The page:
While all care packages are great to receive, I did notice a difference in the emotional impact of a run-of-the-mill care package versus one where the sender put a lot of thought into selecting the contents and packaging them in a creative manner. 

A run-of-the-mill care package contains generic items and things servicemembers can easily buy themselves at the Exchange on base or order online. A run-of-the-mill care package is one that might as well have been packed by one of the many web-based care package companies. See, the preparation of an exceptional care package cannot be outsourced. The preparation and thought that goes into a care package is half of its value and the servicemember can perceive this extra effort.

Now, I must confess that buried in my past is a string of these generic care packages. Back then, I was dating a servicemember who was deployed to Iraq and although I am a procrastinator by nature, I was determined to send him care packages at regular intervals and I was determined to do it in an efficient manner.

From the post office, I gathered an armload of identical Priority Mail boxes and customs forms.  At Costco, I stocked up on a variety of jumbo packs of single-serve snack items like trail mix, crackers, beef jerky and sunflower seeds. Once a month, like clockwork, I tossed a handful of each type of snack item into a Priority Mail box and, voila! I had a care package!   I think I added a note to each box before taping it up, but I couldn't be sure. (FYI: Not including a note -- even if it's just a sentence -- is the cardinal sin of care package preparation.)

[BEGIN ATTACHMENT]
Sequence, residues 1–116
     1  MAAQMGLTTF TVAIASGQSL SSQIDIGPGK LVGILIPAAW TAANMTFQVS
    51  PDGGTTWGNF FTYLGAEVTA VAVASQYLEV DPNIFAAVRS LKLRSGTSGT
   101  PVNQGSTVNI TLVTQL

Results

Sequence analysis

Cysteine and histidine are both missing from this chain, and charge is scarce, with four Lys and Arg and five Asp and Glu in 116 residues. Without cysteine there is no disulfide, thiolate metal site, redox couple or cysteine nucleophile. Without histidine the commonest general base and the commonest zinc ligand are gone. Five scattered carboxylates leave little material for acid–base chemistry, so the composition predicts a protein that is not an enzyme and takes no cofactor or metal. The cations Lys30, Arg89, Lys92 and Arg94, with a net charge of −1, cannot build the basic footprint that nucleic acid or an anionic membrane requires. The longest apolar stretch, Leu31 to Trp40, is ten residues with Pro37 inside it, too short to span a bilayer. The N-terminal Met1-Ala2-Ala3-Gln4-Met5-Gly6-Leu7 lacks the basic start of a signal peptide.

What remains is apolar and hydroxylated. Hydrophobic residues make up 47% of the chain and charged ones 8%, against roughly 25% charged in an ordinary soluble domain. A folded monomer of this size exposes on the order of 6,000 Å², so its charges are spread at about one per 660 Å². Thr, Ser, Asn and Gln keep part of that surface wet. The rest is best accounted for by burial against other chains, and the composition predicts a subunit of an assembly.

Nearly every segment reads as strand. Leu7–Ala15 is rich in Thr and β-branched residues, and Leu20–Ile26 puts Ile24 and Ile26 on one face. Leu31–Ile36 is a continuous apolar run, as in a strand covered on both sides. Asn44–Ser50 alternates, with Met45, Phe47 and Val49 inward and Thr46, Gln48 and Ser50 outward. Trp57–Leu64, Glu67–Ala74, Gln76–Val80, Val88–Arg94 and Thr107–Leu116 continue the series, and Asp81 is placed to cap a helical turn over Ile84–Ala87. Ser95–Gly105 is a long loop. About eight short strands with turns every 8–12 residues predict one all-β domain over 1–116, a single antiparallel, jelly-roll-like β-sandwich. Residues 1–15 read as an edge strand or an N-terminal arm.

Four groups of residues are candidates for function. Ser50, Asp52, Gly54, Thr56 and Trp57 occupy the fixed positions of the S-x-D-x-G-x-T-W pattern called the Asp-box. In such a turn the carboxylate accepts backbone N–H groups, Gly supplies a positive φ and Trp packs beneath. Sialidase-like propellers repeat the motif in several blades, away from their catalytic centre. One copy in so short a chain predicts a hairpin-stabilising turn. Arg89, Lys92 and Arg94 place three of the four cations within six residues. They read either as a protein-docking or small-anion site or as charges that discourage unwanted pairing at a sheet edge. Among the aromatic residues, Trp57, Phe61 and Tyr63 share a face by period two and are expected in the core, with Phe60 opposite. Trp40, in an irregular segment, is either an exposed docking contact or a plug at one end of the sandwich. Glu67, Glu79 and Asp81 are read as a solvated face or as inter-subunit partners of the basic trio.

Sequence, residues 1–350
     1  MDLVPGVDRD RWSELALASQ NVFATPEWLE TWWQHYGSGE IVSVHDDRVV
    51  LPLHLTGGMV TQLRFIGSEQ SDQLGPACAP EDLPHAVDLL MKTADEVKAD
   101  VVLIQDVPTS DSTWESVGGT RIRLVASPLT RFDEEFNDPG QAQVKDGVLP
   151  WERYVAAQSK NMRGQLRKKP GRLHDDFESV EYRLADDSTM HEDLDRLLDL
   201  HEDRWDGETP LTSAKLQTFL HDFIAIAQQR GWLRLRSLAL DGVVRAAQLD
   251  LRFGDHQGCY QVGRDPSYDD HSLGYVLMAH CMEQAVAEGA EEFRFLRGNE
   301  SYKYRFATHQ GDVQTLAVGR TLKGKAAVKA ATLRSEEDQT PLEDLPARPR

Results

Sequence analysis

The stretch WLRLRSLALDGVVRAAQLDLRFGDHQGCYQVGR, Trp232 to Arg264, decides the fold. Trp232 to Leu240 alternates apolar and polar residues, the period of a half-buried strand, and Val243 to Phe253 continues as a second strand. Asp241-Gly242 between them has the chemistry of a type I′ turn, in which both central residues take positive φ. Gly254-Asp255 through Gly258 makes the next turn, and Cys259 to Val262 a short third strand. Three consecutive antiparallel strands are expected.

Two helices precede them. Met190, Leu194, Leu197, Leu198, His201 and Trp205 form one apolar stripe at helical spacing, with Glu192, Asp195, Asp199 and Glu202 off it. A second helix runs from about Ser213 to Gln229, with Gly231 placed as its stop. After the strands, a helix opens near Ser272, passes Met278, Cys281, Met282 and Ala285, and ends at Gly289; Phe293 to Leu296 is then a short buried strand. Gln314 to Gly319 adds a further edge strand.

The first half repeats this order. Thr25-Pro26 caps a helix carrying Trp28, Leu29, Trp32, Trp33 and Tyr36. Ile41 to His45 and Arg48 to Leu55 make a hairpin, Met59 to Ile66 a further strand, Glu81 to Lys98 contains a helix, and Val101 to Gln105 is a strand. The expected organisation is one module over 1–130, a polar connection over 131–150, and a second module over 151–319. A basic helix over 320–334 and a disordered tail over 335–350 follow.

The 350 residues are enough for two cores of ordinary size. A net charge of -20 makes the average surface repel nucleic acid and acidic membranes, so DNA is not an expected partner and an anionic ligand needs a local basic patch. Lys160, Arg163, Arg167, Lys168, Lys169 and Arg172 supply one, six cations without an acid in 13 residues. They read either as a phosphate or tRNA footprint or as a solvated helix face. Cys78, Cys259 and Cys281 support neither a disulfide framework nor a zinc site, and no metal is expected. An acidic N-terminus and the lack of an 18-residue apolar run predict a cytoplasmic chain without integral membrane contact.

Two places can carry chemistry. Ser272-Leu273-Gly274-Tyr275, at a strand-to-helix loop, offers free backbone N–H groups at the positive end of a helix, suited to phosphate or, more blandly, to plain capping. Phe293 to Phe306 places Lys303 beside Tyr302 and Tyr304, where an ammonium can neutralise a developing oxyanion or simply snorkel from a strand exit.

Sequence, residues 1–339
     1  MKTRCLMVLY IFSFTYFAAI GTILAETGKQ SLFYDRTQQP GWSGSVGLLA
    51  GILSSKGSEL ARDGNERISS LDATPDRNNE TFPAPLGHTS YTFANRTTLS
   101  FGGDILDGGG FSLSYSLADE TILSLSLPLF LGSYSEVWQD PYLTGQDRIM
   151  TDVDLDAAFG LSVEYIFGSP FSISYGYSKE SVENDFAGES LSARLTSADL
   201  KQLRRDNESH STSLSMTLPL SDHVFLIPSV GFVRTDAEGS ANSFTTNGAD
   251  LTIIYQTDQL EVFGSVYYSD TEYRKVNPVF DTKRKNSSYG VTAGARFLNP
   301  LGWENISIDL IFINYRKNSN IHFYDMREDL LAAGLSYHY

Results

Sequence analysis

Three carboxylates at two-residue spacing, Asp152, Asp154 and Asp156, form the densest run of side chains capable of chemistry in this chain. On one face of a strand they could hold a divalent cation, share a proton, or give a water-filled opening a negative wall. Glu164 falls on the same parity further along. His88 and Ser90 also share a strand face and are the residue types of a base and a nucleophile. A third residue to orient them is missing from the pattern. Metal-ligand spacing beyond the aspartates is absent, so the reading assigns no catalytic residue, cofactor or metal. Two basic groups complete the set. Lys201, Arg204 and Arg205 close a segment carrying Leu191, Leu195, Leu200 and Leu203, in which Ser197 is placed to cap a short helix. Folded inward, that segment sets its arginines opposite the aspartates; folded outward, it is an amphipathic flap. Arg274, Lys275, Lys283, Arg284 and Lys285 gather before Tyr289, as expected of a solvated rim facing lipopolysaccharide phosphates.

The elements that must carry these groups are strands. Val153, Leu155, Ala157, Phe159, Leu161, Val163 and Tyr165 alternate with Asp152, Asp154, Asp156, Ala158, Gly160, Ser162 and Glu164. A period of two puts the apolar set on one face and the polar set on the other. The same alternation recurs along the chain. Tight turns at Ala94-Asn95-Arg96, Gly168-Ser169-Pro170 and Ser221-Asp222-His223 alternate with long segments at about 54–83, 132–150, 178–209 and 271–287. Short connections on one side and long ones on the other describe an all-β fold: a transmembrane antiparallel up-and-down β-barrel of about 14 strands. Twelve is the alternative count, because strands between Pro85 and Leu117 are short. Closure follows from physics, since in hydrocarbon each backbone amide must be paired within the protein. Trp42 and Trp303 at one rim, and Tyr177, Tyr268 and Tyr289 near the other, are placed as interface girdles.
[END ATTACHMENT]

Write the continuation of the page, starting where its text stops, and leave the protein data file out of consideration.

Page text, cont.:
I sent this string of care packages before I'd been deployed myself. The care packages I send to friends now are different.  They are smaller, for one, and I think about details like picking a nice card for my note so the servicemember can use it to decorate their trailer. I sent a small box of gourmet chocolates to a friend around Valentine's Day one year and now, when I bake batches of cookies to send, I pay close attention to the packaging so the cookies don't turn into a plastic bag of crumbs by the time they arrive overseas.

While I'm on the topic of baked goods, it's important to mention that one of the greatest joys of a care package is being able to share homemade treats with the members of your unit and your trailermate. Keep this in mind if you send baked goods to servicemembers and send enough so the servicemember can share without jeopardizing his or her own stash of treats.  Help them out by packing a large container for sharing and a smaller container for hoarding.